Friendship In Times Of War

June 22, 2014
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Even during our long training, we didn’t have many free exchanges, but there was a brief moment in which we sort of looked at each other, slapped each other on the shoulder and said, “We made it. Good show.”
It was while we were stationed in Iraq that we really talked for the first time. We were in the mess hall, and he, seeing that all the other tables were occupied, came over to my table.
“Can I sit here?” he asked, before seating himself, irrespective of my answer.
I extended my hand. “I’m Jim Baley,” I said.
We shook hands, but he didn’t reply for a while. After finishing his food, he burped soundly, took a large gulp of water and announced, “I’m Brody. Max Brody.”
I immediately liked him. Within a few weeks, we became close friends. We soldiers never make friends easily, which is why our friendship was marvelled at by many. We often used to talk late into the night, after lights out, because that was the only time you could talk—apart from the impossibly short lunch breaks, or if you were one of those people who could hold a conversation while exercising to death. Not me, sir. Not Brody either.
He used to tell me about his wife, Susan. She was four months pregnant, he told me. I could see that he was really excited about being a father for the first time. He told me that he actually wanted a daughter, although he always told whoever asked him, that he wanted a son—it was just something a man was “supposed” to do.
I don’t know why he told me these things; the fact that he was sharing his little secrets with me made me feel awkward. But all the same, seeing his trust in me, I began to trust him, too. I told him about my early life, in which I’d lost my wife, my sons and countless jobs owing to my drunkenness. I was a hopeless drunkard back then.
At 26, with nothing left to lose, I had joined the army, and here I was, swapping life stories with this bearded guy.
One day, during our morning drill, I sprained my ankle. I tried to go on, mindless of the pain, but the pain was unbearable. I couldn’t imagine how people go on in the movies after getting shot. Surely a bullet wound must be more painful than a sprain?
Finally, limping painfully, I retired to a bench. All the boys in the squadron teased me mercilessly, calling me a “delicate darling”. Brody joined in, too.
I felt bad, to be quite honest, but I later realised that this was to be expected. I mean, I’m a soldier in Iraq, and if I sprain a foot, then I can’t expect sympathy from my fellow soldiers. We have been trained to not show sympathy for bullet wounds; a sprain is almost humorously girly.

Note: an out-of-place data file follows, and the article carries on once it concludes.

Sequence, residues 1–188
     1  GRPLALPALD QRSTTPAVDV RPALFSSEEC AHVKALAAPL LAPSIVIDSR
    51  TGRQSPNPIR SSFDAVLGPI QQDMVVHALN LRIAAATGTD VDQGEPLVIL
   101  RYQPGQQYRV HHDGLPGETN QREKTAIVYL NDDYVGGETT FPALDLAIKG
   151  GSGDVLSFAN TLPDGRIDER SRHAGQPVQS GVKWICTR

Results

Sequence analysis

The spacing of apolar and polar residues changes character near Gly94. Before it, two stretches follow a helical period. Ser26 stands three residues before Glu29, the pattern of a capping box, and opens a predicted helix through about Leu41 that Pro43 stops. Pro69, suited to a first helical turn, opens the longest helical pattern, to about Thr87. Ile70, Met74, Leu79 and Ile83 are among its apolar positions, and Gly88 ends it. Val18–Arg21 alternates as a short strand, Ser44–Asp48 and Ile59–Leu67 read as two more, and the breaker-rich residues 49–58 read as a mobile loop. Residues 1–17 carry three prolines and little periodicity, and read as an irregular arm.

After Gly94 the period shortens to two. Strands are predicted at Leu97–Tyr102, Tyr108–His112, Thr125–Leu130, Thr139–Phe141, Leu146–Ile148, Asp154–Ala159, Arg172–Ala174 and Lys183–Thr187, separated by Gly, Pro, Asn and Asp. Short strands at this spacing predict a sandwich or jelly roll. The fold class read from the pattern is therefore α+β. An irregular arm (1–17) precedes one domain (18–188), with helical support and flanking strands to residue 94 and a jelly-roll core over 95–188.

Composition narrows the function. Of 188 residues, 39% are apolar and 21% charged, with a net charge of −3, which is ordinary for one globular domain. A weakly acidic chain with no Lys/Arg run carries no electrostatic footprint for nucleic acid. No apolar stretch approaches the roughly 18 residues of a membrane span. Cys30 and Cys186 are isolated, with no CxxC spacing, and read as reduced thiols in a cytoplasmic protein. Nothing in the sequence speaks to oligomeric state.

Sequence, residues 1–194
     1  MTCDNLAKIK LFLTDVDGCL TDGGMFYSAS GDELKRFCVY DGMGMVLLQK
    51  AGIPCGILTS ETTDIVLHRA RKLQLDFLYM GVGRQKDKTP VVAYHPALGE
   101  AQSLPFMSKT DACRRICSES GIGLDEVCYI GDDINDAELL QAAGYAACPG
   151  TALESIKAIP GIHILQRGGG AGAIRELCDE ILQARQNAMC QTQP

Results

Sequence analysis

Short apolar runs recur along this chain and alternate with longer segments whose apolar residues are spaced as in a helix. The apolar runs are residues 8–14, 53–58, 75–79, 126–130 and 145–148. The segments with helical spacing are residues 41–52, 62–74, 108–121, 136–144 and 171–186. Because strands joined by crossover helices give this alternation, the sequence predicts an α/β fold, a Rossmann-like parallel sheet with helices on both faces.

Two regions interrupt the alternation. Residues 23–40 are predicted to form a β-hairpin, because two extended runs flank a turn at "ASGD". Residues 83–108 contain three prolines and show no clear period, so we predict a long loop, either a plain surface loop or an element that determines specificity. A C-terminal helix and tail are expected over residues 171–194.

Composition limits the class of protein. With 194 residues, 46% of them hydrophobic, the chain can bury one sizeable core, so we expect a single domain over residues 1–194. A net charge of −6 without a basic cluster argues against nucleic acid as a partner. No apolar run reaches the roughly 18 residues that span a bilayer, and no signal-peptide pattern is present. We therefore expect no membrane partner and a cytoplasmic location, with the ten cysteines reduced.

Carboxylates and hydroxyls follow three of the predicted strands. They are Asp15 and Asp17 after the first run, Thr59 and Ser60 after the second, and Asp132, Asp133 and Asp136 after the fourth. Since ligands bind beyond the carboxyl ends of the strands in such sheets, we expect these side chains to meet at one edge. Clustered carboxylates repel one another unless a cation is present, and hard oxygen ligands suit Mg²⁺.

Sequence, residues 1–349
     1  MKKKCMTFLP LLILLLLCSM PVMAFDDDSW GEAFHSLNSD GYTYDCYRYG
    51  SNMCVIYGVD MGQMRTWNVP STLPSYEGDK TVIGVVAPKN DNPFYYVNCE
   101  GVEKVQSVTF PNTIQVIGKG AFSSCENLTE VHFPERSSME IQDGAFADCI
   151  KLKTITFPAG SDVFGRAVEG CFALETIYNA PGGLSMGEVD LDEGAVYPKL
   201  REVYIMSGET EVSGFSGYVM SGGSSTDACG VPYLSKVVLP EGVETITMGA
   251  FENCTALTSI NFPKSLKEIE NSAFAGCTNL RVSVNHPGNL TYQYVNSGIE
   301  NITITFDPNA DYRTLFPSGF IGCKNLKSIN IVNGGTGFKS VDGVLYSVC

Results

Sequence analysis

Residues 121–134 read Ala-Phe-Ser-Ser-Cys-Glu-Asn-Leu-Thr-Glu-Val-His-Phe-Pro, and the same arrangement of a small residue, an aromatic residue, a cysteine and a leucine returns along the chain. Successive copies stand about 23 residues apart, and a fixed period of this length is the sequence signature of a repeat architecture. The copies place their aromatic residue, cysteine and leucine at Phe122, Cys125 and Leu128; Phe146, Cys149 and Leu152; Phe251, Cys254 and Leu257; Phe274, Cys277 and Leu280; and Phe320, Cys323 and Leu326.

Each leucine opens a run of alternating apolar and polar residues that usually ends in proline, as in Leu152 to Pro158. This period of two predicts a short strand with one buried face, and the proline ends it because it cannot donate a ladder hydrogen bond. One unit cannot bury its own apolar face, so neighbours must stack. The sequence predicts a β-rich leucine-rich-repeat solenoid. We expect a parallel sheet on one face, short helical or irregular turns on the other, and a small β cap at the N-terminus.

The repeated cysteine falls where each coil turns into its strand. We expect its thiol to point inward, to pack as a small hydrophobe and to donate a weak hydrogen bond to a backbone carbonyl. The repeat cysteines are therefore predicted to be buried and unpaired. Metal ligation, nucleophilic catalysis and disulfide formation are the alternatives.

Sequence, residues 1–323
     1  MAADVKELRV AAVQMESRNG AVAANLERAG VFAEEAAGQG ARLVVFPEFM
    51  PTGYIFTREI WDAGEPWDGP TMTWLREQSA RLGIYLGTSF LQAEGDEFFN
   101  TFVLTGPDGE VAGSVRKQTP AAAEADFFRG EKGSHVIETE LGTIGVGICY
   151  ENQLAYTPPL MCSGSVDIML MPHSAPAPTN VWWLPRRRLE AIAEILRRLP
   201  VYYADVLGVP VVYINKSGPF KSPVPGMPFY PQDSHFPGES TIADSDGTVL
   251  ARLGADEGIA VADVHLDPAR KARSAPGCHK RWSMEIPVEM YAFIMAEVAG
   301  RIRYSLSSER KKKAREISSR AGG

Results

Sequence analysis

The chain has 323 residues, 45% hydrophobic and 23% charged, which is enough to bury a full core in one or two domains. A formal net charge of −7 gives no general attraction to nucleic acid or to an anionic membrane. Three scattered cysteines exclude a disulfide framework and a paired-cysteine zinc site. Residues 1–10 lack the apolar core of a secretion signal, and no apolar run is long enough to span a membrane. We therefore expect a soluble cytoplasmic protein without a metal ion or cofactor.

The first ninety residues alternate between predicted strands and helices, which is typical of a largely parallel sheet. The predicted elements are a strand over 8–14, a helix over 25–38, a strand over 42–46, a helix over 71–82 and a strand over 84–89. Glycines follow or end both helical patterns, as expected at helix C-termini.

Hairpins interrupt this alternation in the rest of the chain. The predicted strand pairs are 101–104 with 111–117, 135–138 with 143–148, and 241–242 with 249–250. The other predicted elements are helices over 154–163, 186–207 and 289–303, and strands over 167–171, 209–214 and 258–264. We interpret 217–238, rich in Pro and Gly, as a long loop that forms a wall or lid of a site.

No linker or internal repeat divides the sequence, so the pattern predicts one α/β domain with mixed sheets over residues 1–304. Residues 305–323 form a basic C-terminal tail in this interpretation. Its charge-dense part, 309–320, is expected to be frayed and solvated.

That night as I was shifting around in my bunk, trying to get comfortable, something smacked on to my chest. Alarmed, I immediately got up.
Just then Brody whispered from his bunk, which was right above mine, Don’t move, you fool. Spray it on your foot and cover it. Took me all hell to get hold of this can. It’s a luxury.”
God knows I’d never admit it to anyone, but my eyes felt moist. I smiled in the dark at my buddy, sprayed on the relaxant, covered my foot and went to sleep.

It happened towards the end of June. Our squadron was stationed to the Southern side of town and one day, without announcement, a large team of Iraqi terrorists appeared in front of us. We hadn’t seen action in years, and so were slow to react, but they were as fast as lightning.
They opened fire. All of us quickly dashed for cover. Then it happened. I saw it happen as if in slow-motion: One of them pulled out a grenade, took off its pin and tossed it straight towards me.
I was rooted to the spot, paralysed with fear. Suddenly Brody, who was to my right, jumped on to me to protect me. I heard a deafening band. Then darkness.

When I woke up in a hospital two days later, I was told that I had lost a leg, and that I was lucky to have had a friend like Brody. He had thrown himself over me moments before the grenade exploded right above him, sending thousands of shrapnel into his body. He’d never had a chance of surviving.
I won’t lie; I cried. I cried for the friend I had lost, for the husband Susan had lost, for the soldier the country had lost, and for the amazing human being, Max Brody, the undeserving world had lost.

Four days later, strapped into a wheelchair, I flew back to the US for Brody’s funeral. It was a small, quiet occasion at the local church.
There, I watched Susan’s hopes, aspirations and happiness cascade down her cheeks in a flood of tears. Feeling unshed tears sting my eyes, I hurriedly put on sunglasses, which I had brought for this purpose.

A few months later, I went to his grave to pay homage. I put a bunch of flowers down and, smiling, wished him a good stay in heaven—or hell, which is more likely where he’d be, being the profane little bugger he was!

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